The oldest and more important houses for each settlement lie between the southern bank of the River Avon, which is little more than a stream, and the main Pewsey to Devizes road that also runs east to west across the Parish.

It is known that the territory was divided into at least two parts by 987 when the part later known as Manningford Abbots (or Abbas) was granted by King Ethelred to a man known as Aethelwold.  The separation of Manningford Bruce and Manningford Bohune likely occurred a little time later.  At the time of the Doomsday Book in 1086, the land at  Manningford Abbots was valued at 10 hides with the lands of Manningford Bruce and Manningford Bohune similarly being worth 10 hides in total (6 and a half and three and 3 a half hides respectively).  This supports the idea that Manningford Bruce and Manningford Bohune were divided after Manningford Abbots was separated from the territory.

The Civil Parish of Manningford, which amalgamated all three territories, was formed in 1934.  Despite the amalgamation, there is no clear centre to the Parish as a whole.

Civil Registration

1837- April 1936 Pewsey Registration District
April 1936 - Present Devizes Registration District

 

Buildings and Land

Owners of Land 1873

 

Crime and Legal Matters

All crime and legal articles will appear under the relevant tab for Manningford Abbas, Manningford Bohune, or Manningford Bruce, unless original sources simply refer to Manningford.

Coroners Inquests

The office of Coroner was formally established in 1194.  The early duties of coroners were varied and included the investigation of almost any aspect of medieval life that had a potential revenue benefit for the Crown.  Suicides were investigated on the grounds that the goods and chattels of those guilty of the crime would be forfeit to the Crown.  Over time the role has developed to focus on the investigation of any sudden, unnatural or unexplained death to ascertain cause, time and manner of death.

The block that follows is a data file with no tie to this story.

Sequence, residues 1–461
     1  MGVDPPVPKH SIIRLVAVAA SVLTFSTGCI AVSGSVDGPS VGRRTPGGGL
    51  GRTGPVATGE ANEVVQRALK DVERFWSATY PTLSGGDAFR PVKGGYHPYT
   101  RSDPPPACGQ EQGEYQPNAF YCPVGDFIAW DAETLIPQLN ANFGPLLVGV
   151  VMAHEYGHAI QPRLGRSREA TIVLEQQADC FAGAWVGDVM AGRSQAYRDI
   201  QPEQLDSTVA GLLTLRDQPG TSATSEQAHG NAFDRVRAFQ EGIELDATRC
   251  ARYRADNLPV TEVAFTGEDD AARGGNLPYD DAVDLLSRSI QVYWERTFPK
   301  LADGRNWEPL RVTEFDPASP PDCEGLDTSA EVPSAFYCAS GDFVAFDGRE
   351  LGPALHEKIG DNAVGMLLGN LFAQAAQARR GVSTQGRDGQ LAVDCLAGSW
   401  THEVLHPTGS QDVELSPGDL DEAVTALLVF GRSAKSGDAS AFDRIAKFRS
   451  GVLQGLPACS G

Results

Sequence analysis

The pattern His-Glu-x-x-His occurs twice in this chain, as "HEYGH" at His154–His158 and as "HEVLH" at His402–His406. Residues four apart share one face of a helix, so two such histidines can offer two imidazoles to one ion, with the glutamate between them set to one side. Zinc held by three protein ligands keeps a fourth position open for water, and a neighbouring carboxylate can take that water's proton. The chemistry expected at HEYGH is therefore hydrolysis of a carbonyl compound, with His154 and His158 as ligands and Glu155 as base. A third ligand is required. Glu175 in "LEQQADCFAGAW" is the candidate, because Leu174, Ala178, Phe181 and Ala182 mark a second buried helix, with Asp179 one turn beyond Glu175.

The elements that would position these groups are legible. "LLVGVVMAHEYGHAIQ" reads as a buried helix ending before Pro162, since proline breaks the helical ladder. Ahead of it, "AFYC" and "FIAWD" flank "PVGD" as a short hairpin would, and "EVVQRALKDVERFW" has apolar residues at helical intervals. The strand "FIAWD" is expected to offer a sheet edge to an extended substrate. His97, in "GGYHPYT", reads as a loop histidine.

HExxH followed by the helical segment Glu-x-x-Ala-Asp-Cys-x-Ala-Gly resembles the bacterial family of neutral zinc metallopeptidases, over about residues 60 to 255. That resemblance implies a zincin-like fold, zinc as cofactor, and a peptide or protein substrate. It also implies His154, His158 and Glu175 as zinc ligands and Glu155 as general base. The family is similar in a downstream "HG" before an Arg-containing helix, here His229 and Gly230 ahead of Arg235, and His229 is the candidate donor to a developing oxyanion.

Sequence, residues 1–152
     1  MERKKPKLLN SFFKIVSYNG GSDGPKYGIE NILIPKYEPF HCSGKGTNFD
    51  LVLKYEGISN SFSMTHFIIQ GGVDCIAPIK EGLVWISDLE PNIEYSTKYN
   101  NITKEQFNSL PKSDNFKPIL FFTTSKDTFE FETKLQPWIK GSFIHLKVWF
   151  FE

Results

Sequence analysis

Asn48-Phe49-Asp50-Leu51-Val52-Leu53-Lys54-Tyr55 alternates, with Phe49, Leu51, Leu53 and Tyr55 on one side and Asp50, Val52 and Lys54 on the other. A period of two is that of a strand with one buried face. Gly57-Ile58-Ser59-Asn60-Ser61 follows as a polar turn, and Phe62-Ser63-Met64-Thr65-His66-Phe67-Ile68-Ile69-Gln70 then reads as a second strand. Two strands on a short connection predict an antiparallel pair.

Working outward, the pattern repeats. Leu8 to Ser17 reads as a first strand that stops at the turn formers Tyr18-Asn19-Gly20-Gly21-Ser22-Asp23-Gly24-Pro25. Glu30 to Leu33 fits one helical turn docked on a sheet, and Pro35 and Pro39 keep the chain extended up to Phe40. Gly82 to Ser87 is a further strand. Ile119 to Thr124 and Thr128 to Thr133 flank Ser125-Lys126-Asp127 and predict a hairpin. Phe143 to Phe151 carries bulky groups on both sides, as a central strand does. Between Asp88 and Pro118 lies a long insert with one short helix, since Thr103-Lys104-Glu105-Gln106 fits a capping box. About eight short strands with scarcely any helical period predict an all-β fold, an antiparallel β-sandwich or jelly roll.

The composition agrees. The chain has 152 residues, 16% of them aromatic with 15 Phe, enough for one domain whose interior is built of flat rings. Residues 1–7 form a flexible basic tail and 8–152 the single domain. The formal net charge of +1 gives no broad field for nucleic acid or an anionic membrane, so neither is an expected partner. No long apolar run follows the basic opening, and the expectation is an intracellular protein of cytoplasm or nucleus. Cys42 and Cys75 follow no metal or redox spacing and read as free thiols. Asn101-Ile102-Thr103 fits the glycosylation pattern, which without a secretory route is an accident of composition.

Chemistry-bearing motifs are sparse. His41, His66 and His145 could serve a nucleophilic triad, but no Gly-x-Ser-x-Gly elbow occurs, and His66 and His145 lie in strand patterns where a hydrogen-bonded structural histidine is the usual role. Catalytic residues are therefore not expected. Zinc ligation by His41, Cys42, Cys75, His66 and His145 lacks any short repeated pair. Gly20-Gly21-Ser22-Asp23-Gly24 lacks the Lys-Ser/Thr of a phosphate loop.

Petty Sessions

Petty Sessions were the lowest tier in the court system and developed at the beginning of the 18th century to take on some of the work previously undertaken by the Quarter Sessions.  The court was presided over by one or more volunteer justices of the peace, or stipendiary magistrate, there being no jury.  Petty Sessions were abolished in 1971 and replaced by Magistrates Courts.

Horse Thefts 1865

Quarter Sessions & Assizes

The Court of Quarter Sessions dealt with criminal cases and also other disputes such as poor law disputes, settlement issues and bankruptcy.  The Quarter Sessions were presided over by at least two Justices of the Peace, with a jury present, being held quarterly in each county at Epiphany, Easter, Midsummer and Michaelmas.  The more serious criminal cases were committed by the Quarter Sessions for trial at the Courts of Assize.  In addition to criminal cases, the Courts of Assize included the Nisi Prius where civil actions (private cases) were decided before a judge and jury.  The Court of Quarter Sessions and Court of Assize were effectively amalgamated into Crown Courts in 1971.

 

Education

 

Emigration and Migration

In 1840 a Colonial Land and Emigration Commission was created, amalgamating two smaller organisations, to administer arrangements for emigration schemes to the Colonies.  Many schemes involved assisted, or free, passage from the UK.  In December 1847 agents in Devizes and Enford began advertising free passage to New South Wales, South Australia and the Cape of Good Hope in local newspapers.  The advertisements claimed there was a particular need for Agricultural Labourers, Shepherds, female Domestic Servants and Dairymaids.  This prompted a surge in emigration from the Vale of Pewsey, including a number of families from the Manningfords (details of individuals/families under each tab below).